Never had the champion prevailed after so many attempts and never had the champion cheered so many hearts.
When Darren Clarke tapped in on the 18th last night to win the 140th Open Championship the tears flowed almost as quickly as the Guinness. The big man had done it. At last.
This was his 20th bid for the Claret Jug and, in the end, the old trophy relented.
It was Clarke's turn, his moment, his chance to look up to the sporting gods to thank them for their patronage.
After a day of squalls and downpours, they even shone the sun on the genial Ulsterman.
Quite right, too. Three shots separated him from Dustin Johnson and Phil Mickelson. This was a success of the very highest order, compiled with ball-striking of the very highest order. 68-69-68-70: five-under.
The achievement should not be underestimated. And neither should the determination.
Clarke had tasted the sweetest glories the Ryder Cup has to offer and won two World Golf Championships in an illustrious career.
But the major his extraordinary timing deserved had always eluded him.
Press men wrote him off, the rankings consigned him to 111th and the questions he was asked suddenly concerned Rory McIlroy's chances, not his own.
But he showed them all and in many ways he showed himself. "Darren Clarke, Open champion" - it always had a certain ring.
So Clarke became the oldest first-time major winner since Roberto de Vicenzo 44 years ago.
But the vigour with which he strode up that final fairway reminded one more of an 18-year-old starting out than a 42-year-old finishing off.
That's what dream-making can do to a man. And as Clarke waved to an ovation the rival of any in golfing folklore, back home in Ulster they set off on an all-nighter. Again.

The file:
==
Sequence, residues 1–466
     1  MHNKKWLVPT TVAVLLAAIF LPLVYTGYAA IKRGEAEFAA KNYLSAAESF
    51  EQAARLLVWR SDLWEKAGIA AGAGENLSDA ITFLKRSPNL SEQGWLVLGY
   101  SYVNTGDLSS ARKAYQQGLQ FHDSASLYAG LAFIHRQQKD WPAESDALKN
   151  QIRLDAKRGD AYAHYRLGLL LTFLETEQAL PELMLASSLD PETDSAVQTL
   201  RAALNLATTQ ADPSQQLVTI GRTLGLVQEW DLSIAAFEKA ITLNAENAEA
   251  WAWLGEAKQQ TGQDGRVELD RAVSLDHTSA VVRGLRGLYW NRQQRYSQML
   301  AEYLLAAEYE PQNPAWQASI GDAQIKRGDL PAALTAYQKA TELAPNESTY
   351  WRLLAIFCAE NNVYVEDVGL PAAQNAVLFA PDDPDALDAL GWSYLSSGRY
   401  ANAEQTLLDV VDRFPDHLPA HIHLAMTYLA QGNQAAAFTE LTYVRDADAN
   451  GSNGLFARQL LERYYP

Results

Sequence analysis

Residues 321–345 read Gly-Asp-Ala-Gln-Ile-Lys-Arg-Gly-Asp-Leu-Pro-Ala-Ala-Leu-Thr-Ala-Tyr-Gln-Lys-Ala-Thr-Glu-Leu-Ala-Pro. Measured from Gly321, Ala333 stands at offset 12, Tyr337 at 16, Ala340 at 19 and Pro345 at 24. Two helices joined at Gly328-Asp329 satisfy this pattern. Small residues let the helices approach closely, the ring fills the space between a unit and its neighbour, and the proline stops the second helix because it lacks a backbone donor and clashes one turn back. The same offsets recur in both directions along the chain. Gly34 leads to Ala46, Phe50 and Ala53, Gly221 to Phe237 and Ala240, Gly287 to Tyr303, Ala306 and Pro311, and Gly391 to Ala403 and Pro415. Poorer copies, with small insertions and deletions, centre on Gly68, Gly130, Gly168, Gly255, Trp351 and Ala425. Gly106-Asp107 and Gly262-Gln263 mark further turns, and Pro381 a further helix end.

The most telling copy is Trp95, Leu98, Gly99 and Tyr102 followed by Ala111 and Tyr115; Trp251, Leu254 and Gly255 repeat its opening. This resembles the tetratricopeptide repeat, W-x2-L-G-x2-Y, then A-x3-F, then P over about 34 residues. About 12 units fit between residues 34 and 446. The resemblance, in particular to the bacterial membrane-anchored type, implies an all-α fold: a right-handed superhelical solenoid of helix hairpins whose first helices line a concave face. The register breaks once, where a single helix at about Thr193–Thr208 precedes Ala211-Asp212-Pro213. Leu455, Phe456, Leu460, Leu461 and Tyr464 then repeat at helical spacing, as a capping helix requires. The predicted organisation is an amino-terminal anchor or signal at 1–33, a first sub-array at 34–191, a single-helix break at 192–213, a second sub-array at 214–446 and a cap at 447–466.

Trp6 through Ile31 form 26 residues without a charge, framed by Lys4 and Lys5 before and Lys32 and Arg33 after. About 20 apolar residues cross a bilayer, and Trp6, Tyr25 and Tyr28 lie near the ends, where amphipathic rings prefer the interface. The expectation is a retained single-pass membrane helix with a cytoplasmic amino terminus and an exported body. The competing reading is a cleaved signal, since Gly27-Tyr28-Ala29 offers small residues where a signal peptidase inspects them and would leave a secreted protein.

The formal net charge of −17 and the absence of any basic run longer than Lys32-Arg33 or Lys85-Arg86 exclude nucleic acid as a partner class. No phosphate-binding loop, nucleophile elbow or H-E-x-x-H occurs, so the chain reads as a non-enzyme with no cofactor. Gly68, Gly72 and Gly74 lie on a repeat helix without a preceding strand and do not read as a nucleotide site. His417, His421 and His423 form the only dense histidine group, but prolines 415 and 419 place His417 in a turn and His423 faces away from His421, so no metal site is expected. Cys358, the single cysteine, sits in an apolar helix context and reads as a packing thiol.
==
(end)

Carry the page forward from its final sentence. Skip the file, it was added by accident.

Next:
Why don't they just move the Golfing Hall of Fame from Florida to Belfast? This was the small province's third major from six - and three different winners at that.
Incredible, really, seeing as there's only 1.5 million of them. Ulster went 206 majors of blanks and then proceeded to reel them off like a machine gun.
But still, Clarke took his place in his homeland's history. They hadn't won an Open since Fred Daly in 1947. Sixty four years of hurt.
Clarke's beaming smile was the perfect cure. He hugged his caddie, his mother and father, his fiance Alison Campbell and then finally his manager Chubby Chandler who, like Northern Ireland, is getting rather used to these celebrations.
That's three majors, three wins in 2011 and with Clarke heading to the USPGA alongside McIlroy, Charl Schwartzel and Lee Westwood, who would dare write off the 'Chubbyslam'? Yes, there were so many reasons for the ISM camp to party last night. Yet they only needed one - Clarke, one of the most popular characters in the sport, proving that he who waits longest, most certainly laughs loudest. It was a finale so fitting for the occasion as another day of high drama entered the Open annals.
Mickelson charged the electricity into the proceedings with a front nine which must be considered among the very best the Open has ever witnessed.
Three birdies and an eagle added it up to a 30, the lowest score on the front nine by two shots. Whatever putt the left-hander looked at, it dropped. This was Greg Norman in 1993 here all over again.
Indeed, but for a lipped putt on the eighth and a missed eight-footer on the ninth, Mickelson would have shot a 28, the lowest front nine in the 151 years of the Open. It was stunning stuff and sent a surge of adrenaline around the links.
Clarke's front nine wasn't shabby - indeed, anything but. He battled his putter on Saturday but yesterday he embraced it and it obliged. There were par saves and Clarke birdied the second and eagled the seventh. That was the moment, the instant when all his fantasies manifested themselves into impending reality.
Mickelson had just caught him on five-under, after Clarke had bogeyed the fourth. But Clarke rolled in a 25-footer and his hand went up.
Later on, when his ball came up an inch short at the 18th hole, the crowd sighed and Clarke turned to them and said: "It doesn't matter."
It didn't either. His glory was enshrined, the Claret Jug was his.